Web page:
Even the wildest of wild yeasts eventually give up, however, and what is left is still sweet and treacly – and delicious. I confess to a tingle in my feet when I drank this: liquid history, chewy, powerful, filled with dark, deep flavours, simply fabulous. One of my best beer experiences of the past few years. Later I managed to find the Olimp version on sale in a shop in Krakow (39 złoty per 100ml bottle: I saw it in a bar for 49 złoty), and a very kind Polish-based home brewer, Tomasz Spencer, gave me a bottle of his home-brewed Jopejskie. So that’s three different versions of a beer I never thought I’d see: amazing.
There were some disappointments, and ironically the worst beer I had was in a brewpub in Krakow that claims to brew the finest British-style cask ale. Michael Jackson (the beer writer, not the inspiration for a white RIS) held to a philosophy that it wasn’t his job to be unpleasant to people, but to encourage everybody, so perhaps it might be kindest to draw a discreet bartowel over these failings. But frankly, if you’re selling a “cask-conditioned bitter” you call “England’s Glory” to Poles, it really needs not to taste of unfermented wort and lack all condition. I tried the porter, to see if this was just one poor cask, and it was barely better: thin, little condition again, sweetcorn on the nose and something nastily sharp lurking in the background.
But apart from that, I had a terrific time: if you like beer tourism, Poland is now an absolutely must-visit destination. The Wrocław beer festival, outside the football stadium a tram-ride from the city centre, is one of the best in Europe, well-organised, a great selection of dozens of different Polish breweries, and a fine range of Polish street food to mop up the beer. The beer bars, in Krakow and Warsaw in particular, are almost uniformly excellent, and if the selections of beers are almost entirely Polish, well, those beers are good enough, and varied enough, that you won’t miss anything. Among the places I particularly enjoyed were Hoppiness, in the aptly named Chmielna (“Hop Street”) in central Warsaw and Maryensztadt in Warsaw Old Town; and Omerta in Krakow.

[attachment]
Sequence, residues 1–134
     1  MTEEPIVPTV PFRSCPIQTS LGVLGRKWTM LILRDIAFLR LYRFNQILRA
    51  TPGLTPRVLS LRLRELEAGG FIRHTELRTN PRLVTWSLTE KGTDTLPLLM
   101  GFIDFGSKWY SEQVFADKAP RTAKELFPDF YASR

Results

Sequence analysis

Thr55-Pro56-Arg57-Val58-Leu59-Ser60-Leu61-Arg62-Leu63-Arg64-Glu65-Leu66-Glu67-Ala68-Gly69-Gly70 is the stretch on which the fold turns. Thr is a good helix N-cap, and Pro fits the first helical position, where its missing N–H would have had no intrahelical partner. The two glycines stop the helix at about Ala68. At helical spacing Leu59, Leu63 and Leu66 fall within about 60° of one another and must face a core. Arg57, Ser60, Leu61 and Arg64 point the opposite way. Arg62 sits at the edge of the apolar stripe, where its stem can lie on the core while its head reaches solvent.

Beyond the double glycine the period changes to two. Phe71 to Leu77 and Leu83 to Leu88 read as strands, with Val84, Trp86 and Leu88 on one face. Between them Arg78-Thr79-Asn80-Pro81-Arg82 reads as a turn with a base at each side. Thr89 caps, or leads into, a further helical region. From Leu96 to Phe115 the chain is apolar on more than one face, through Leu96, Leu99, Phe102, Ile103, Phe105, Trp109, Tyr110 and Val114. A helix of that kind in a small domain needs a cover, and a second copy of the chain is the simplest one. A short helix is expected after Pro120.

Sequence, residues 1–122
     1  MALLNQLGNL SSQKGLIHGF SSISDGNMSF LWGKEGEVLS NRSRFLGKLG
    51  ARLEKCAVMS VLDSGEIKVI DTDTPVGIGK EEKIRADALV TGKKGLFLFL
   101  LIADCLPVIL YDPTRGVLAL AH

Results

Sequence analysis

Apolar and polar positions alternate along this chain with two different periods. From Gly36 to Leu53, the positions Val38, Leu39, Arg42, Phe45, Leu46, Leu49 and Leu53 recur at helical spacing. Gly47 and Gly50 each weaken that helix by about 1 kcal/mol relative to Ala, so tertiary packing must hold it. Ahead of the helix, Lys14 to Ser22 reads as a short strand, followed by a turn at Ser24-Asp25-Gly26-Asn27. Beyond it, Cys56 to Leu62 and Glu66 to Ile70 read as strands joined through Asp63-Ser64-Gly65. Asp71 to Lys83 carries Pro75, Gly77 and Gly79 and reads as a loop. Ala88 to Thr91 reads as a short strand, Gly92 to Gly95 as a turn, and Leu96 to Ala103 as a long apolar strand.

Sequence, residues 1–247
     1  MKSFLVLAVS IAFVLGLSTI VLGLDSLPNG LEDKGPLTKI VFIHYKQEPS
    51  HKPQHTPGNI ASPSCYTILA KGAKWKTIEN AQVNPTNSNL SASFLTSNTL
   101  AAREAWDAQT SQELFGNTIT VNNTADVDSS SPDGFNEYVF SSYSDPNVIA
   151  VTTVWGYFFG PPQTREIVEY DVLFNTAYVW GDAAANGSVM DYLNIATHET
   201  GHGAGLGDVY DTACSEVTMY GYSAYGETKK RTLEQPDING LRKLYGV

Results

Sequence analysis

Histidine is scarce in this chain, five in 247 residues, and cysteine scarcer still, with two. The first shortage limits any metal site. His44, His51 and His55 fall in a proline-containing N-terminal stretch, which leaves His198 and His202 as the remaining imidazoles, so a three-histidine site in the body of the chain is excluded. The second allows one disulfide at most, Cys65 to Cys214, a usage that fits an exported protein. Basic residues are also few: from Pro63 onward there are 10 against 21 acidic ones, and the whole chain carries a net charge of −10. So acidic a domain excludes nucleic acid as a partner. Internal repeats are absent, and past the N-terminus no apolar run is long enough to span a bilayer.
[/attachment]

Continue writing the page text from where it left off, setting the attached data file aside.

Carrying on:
Many thanks to the guys at Crookham Travel for organising the travel around Poland and brewery trips in Wrocław and Krakow, and Tony Fox-Griffiths in particular for his impeccably researched guides to bars in those two cities; to Tomasz Kopyra and the crew at Festiwal Dobrego Piwa for the free beer and hotel accommodation in Wrocław (and more brewery trips); and to Tom Spencer for giving up his time to take me on a bar crawl of Warsaw. and organising yet another brewery visit. See you all again soon, I hope.
I wasn’t even mean to be in Brooklyn on the Tuesday. I had originally booked to go round the Brooklyn brewery on the Monday. But after I announced that I was going to be in New York, I was contacted by the American beer journalist and writer John Holl, who asked if I would like to appear on the beer podcast he co-hosts, “Steal This Beer”, which is recorded in a bar in Manhattan on Monday nights (of which more later.) So I switched the trip to Brooklyn to the following day – and on the Tuesday morning an email popped up saying that right after my visit that evening the Brooklyn Brewery was launching a collaboration imperial porter made with the Norwegian brewery EC Dahl’s, in honour of the Norwegian artist Håkon Gullvåg, and would I like to hang around to sample that, and a few other EC Dahl’s beers as well.
Carpe cerevisiam – if chance is going to put an opportunity like that in your path, it’s rude to step aside. Strangely, I had already drunk beers made with EC Dahl’s yeast: the homebrewers of Stjordal, whose brews were among those I sampled last year at the Kornøl festival in Hornindal in Western Norway, get their yeast from the Dahl’s brewery in Trondheim, though they make, and sometimes smoke, their own malt.
I have to own that the Brooklyn Brewery tour is not the best I have been on: it’s a small, cramped, working brewery, about all you get is a quick look at some fermenting vessels and some beer sampling, and most of the beer is produced elsewhere anyway. There’s a good big brewery tap, with a fine range of beers (including “London Black Gose” [sic] from London Fields, which, like EC Dahl’s, is a Brooklyn Brewery/Carlsberg joint venture now) and the brewery shop sells several rare (if expensive) beers, but if it hadn’t been for the EC Dahl’s launch, I might have had a disappointing trip.